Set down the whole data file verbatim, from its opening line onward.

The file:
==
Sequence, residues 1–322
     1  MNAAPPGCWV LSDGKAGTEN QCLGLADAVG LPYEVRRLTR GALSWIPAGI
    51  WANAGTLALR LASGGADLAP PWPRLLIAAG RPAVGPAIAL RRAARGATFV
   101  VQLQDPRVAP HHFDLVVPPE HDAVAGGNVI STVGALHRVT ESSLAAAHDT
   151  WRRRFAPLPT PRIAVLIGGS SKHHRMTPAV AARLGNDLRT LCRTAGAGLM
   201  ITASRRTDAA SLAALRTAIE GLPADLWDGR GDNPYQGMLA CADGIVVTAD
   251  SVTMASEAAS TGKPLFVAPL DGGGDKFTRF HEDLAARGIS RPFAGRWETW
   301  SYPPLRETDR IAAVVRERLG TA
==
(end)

Sequence, residues 1–322
     1  MNAAPPGCWV LSDGKAGTEN QCLGLADAVG LPYEVRRLTR GALSWIPAGI
    51  WANAGTLALR LASGGADLAP PWPRLLIAAG RPAVGPAIAL RRAARGATFV
   101  VQLQDPRVAP HHFDLVVPPE HDAVAGGNVI STVGALHRVT ESSLAAAHDT
   151  WRRRFAPLPT PRIAVLIGGS SKHHRMTPAV AARLGNDLRT LCRTAGAGLM
   201  ITASRRTDAA SLAALRTAIE GLPADLWDGR GDNPYQGMLA CADGIVVTAD
   251  SVTMASEAAS TGKPLFVAPL DGGGDKFTRF HEDLAARGIS RPFAGRWETW
   301  SYPPLRETDR IAAVVRERLG TA